Living History & Reenactment Music

Musical Rambles Through History © by Sara L. Johnson

The Battle of the Kegs

The Battle of the Kegs, a song by Francis Hopkinson (1731-1791), is a song I found in the book The Yankee Doodler (Music, Theater and Fun in the American Revolution), by Sylvia G.L. Dannett. Francis Hopkinson was a native Philadelphian, first student to enroll in the Philadelphia Academy and first to receive a diploma from the College of Philadelphia. He was the only signer of the Declaration of Independence who was a writer, political satirist, artist, musician, and lawyer. He was elected a member of the Continental Congress in 1776, became a judge of admiralty from 1779 to 1789, and a judge of the United States Court of the Eastern District of Pennsylvania. But back to the song and the Battle of the Kegs:

David Bushnell (1742?-1824), inventor of the American torpedo and other submarine machinery, built the Turtle, a one-man submersible ship, which made the first recorded, but unsuccessful, submarine attack on a British man-of-war in New York harbor. He devised some of the first floating mines to annoy the British fleet anchored off shore on the Delaware River, above Philadelphia. He had a fleet of kegs filled with gunpowder, designed to explode when they bumped into the enemy vessels.In late autumn of 1777, they were launched, but failed to blow up the ships. However, as some of the kegs exploded near the fleet, the British in panic began firing a continuous discharge of small arms and cannon, aiming wildly at everything in the river for several hours. Some who claimed they'd seen bayonets sticking out of the bung-holes of the kegs, said they were, like the Trojan horse, filled with armed rebels prepared to leap out in the dead of night and lay siege to the city. Others said they were machines constructed by magic that would climb the wharves and roll through the city, flaming with infernal fire. It was said that afterwards, Lord Howe dispatched a packet to London with an account of his great victory over the kegs.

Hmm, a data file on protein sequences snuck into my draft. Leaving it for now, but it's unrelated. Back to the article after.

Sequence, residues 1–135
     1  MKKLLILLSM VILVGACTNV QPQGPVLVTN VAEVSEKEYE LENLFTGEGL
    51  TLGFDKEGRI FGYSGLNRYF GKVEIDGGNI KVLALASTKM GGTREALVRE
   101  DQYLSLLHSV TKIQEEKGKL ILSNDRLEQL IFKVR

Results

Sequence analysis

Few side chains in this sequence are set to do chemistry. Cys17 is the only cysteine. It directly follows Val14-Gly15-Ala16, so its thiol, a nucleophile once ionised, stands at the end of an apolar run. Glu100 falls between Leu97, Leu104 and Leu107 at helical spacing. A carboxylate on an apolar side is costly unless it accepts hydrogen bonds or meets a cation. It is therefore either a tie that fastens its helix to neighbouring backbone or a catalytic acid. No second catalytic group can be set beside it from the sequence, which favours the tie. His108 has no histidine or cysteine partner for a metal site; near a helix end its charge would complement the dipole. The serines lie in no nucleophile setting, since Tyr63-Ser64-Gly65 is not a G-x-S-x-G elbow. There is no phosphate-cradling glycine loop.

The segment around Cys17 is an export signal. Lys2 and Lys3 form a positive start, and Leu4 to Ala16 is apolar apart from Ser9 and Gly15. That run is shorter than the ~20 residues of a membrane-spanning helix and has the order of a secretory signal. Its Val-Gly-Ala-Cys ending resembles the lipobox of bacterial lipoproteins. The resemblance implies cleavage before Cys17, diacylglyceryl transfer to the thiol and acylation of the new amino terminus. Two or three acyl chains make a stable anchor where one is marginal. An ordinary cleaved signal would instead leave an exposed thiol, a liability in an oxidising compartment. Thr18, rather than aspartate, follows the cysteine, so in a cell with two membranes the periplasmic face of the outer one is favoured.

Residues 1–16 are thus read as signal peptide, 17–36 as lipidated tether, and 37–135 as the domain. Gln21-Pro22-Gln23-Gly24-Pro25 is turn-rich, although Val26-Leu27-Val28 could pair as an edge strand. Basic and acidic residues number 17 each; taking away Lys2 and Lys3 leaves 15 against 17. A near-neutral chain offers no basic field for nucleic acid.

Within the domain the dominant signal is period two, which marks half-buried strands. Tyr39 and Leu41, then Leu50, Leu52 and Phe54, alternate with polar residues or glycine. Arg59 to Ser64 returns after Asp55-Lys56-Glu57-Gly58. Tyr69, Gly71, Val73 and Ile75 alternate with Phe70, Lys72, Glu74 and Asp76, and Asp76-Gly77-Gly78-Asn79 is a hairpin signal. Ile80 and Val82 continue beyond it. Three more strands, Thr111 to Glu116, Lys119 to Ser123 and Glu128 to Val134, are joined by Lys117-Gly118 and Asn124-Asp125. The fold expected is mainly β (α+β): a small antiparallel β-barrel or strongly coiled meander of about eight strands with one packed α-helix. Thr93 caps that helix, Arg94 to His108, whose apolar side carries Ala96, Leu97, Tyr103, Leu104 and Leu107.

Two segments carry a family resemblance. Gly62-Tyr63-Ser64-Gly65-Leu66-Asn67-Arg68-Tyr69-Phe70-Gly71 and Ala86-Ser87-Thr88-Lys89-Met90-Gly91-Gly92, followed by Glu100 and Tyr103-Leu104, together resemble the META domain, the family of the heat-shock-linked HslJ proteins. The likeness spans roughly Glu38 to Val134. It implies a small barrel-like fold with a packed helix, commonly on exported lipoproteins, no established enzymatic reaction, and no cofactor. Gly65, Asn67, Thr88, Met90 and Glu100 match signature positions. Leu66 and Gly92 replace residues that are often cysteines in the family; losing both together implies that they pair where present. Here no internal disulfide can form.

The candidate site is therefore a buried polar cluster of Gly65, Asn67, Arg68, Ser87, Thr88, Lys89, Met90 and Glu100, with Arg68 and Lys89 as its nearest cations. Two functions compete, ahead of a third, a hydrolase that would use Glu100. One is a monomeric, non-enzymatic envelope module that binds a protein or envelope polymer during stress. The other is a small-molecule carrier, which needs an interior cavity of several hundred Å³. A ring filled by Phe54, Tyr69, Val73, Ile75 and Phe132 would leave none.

Hopkinson wrote a mock heroic prose epic to preface his verses for the New Jersey Gazette of January 27 1778. The words were to be sung to the popular tune "Maggie Lawder".

Gallants attend, and hear a friend, Trill forth harmonious ditty,
Strange things I'll tell, which late befell In Philadelphia city.

"Twas early day, as poets say, Just when the sun was rising,
A soldier stood, on a log of wood, And saw a thing surprising.

As in amaze he stood to gaze, The truth can't be denied, sir,
He spied a score of kegs or more, Come floating down the tide, sir.

A sailor, too, in jerkin blue, This strange appearance viewing,
First damn'd his eyes, in great surprise, Then said, "Some mischief's brewing."

From morn till night, these men of might Display'd amazing courage;
And when the sun was fairly down, Retir'd to sup their porridge.

An hundred men, with each a pen, Or more, upon my word, sir,
It is most true would be too few, Their valor to record, sir.

Such feats did they perform that day, Against those wicked kegs, sir,
That years to come, if they get home, They'll make their boasts and brags, sir.